In addition to the main body of the report which analyzes the survey population as a whole, the report analyzed five "special cuts" sections where the survey population was divided into subsections: Public vs. Private, Smaller vs. Larger, Higher vs. Lower Technology, More vs. Fewer Employees and Process, Repetitive/Discrete and/or Job Shop companies. For information on any of the three survey reports published, visit

Last month we highlighted Low-Tech vs. High-Tech companies. This month is More vs. Fewer Employee companies. Back issues of RN are available at:

Findings For More vs. Fewer Employee Companies: Below are some differences between More vs. Fewer Employee companies. The "Fewer Employees" group is defined as firms that have 1000 or less employees. There were 65 Fewer Employees companies and 53 More Employees firms in the survey sample. Three respondents provided no information on employee numbers:

* 32% of the Fewer group and 43% of the More group had a clearly defined set of Corporate Metrics.

* 31% of the Fewer group and 47% of the More group had a clearly defined set of R&D Metrics.

* 37% of the Fewer group and 21% of the More group said that they had "ten or less" metrics in their suite of R&D metrics.

* 69% of More Employees as opposed to 53% of Fewer Employees firms had decreasing life cycles. 16% of More Employees and 28% of Fewer Employees firms reported that PLCs (product life cycles) were stable, i.e. "neither increasing nor decreasing."

* Fewer Employees and More Employees firms differed in their use of two methods for counting products in the "released/active product portfolio," with 36% of Fewer Employees and 21% of More Employees firms using the method "Product Lines/Models, each of which may have many variations, colors, etc," and 10% of the Fewer group and 31% of the More group using the method "Only aggregate Product Families/Lines, each of which has many end items/models."

* 39% of the Fewer Employees group and 28% of the More Employees firms were "Judgment Companies," i.e. they did not calculate a financial return for R&D investment. 28% of the More group as opposed to 16% of Fewer group reported that "Five Years" was the forecast time-period used to calculate financial return for R&D investments.

* 25% of Fewer Employees and 35% of More Employees firms reported that "some new products [not all] are systematically reviewed against their goals after launch." 33% of the Fewer group and 18% of the More group reported that "cross-functional post-launch project/product reviews are not conducted."

* The Fewer and More employees groups also differed as to the manner in which these reviews were conducted; 72% of the Fewer group and 89% of the More group conducted reviews at specific target points after product launch.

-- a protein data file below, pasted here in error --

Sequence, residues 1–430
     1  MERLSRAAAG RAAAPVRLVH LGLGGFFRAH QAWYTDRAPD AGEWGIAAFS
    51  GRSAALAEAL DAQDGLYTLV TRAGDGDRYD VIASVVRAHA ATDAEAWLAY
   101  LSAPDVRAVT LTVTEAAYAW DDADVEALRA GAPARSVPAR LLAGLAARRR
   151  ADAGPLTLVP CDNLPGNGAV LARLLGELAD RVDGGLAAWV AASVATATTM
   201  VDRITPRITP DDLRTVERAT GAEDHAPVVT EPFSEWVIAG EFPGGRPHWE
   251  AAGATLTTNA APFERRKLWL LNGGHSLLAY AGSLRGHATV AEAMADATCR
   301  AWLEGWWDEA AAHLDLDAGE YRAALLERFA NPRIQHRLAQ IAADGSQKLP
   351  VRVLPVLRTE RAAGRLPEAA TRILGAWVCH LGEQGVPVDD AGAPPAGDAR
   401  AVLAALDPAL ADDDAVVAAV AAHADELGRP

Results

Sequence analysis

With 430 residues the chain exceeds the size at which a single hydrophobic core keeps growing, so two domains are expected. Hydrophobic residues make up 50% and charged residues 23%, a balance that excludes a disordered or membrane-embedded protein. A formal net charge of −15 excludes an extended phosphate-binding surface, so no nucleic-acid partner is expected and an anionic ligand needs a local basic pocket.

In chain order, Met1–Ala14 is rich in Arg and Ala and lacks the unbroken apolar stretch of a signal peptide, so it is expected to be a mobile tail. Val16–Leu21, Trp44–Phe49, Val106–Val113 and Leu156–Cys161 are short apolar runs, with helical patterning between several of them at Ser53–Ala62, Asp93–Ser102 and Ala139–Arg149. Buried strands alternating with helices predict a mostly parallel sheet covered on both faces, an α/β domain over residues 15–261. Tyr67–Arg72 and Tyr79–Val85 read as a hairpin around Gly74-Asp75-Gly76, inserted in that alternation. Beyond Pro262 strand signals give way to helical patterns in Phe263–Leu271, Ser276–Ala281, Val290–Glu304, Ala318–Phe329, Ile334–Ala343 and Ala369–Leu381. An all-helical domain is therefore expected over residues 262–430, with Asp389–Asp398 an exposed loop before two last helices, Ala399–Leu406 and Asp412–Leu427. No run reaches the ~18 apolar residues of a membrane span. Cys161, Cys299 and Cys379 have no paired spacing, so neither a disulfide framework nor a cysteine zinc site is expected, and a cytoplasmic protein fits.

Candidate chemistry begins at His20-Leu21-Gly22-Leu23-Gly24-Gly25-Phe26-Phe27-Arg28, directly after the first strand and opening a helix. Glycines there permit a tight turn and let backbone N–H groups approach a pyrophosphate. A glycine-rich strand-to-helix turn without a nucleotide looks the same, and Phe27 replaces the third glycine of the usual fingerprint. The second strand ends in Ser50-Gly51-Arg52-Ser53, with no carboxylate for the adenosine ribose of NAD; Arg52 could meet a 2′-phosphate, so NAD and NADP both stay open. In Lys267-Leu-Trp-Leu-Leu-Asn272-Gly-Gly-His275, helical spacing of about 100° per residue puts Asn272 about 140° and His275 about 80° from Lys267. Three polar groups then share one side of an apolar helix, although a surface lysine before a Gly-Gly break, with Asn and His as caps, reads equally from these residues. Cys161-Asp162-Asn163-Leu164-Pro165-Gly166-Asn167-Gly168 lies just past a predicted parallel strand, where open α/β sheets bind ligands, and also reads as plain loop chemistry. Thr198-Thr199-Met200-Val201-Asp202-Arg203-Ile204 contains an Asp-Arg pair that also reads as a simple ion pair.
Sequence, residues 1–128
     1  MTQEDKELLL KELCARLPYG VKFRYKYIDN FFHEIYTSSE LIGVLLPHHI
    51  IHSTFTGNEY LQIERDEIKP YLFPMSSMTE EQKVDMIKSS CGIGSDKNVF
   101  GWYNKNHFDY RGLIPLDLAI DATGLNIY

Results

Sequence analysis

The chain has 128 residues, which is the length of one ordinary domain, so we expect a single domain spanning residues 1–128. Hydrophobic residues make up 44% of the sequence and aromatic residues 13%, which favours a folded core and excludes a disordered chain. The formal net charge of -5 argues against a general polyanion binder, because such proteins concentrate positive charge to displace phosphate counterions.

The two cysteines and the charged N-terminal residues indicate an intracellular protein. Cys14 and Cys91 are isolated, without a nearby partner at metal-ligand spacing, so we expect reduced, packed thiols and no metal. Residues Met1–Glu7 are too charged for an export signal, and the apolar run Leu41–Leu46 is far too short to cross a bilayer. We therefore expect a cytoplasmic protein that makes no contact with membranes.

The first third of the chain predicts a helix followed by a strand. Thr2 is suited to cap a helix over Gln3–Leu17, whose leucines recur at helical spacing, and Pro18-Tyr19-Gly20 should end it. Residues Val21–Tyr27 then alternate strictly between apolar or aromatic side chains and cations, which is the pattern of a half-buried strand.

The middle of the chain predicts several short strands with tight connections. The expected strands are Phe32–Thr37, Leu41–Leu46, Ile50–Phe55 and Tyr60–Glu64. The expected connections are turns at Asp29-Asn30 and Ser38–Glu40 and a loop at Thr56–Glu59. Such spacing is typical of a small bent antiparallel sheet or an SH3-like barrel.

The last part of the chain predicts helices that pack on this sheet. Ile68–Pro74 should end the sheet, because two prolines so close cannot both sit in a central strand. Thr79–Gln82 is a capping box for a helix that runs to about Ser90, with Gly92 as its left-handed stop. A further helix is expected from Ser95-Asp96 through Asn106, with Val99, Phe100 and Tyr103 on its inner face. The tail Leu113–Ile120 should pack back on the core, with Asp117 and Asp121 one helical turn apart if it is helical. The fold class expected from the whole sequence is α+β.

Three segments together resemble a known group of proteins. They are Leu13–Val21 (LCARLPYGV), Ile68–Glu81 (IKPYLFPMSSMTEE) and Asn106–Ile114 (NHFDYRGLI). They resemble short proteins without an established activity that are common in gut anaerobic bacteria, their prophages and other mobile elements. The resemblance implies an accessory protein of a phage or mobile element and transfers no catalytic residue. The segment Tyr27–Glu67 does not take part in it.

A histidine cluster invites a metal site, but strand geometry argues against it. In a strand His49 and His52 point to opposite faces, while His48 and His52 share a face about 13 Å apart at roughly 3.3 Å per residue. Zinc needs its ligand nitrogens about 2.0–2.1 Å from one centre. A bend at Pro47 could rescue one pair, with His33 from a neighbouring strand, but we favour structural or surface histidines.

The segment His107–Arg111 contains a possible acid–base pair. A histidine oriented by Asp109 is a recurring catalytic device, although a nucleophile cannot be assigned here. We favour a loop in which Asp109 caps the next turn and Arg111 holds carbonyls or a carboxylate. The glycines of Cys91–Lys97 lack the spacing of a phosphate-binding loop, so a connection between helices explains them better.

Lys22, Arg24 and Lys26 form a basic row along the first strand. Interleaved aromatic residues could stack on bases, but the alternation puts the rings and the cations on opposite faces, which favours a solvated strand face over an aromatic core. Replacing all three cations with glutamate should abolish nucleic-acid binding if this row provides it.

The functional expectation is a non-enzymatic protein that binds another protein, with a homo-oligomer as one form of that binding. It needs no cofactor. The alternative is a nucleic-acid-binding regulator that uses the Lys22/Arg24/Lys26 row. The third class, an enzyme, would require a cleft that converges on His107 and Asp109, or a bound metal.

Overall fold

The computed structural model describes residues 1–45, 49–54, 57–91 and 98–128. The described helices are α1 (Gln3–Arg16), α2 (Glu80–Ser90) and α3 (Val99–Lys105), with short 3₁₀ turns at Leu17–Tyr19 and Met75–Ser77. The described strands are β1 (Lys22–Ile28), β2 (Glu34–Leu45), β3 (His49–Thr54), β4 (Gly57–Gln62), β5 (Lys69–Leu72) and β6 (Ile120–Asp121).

One would expect More Employee companies to have more clearly defined corporate and R&D metrics, to cross-functionally and systematically review a higher percentage of products against their marketing goals after launch, and to more often calculate a financial return for their new product R&D dollars. That is what this survey found.


Secrets of Closing Sales:* What can the most famous book ever written, arguably, on the art of closing sales possibly offer a product developer? Is there any reason a product developer should spend time reading what has been expressly written for sales professionals?

About 16 reasons if, as concurrent product developers, we are interested in those nuggets that make our companies more successful! Why do the best design engineers file the most usefully innovative company patents (see Volume 3, Issues 1 and 2)? Why do the upper 20% of salespeople close the lion's share of company sales? How do they do it? Learning about successful business practices breaks down our professional and functional silos. It's about being successful in our businesses! It's about business "best practices."

The following 16 sale closing nuggets work equally well for products or services. Anyone in the company can initiate sales with a prospect:

1. The Beyond Any Doubt Close: you sweep the buyer forward with the positive assumption based on discussion to date that there is no alternative to making the purchase.

2. The Little Question Close: you help a prospect tell you they are ready to buy by focusing on an aspect of secondary importance, like "will that be cash or charge."

3. The Do Something Close: 9 out of 10 sales should be closed by some positive physical action, such as "just OK this approval right now and I'll call the plant to make the order." It implies consent.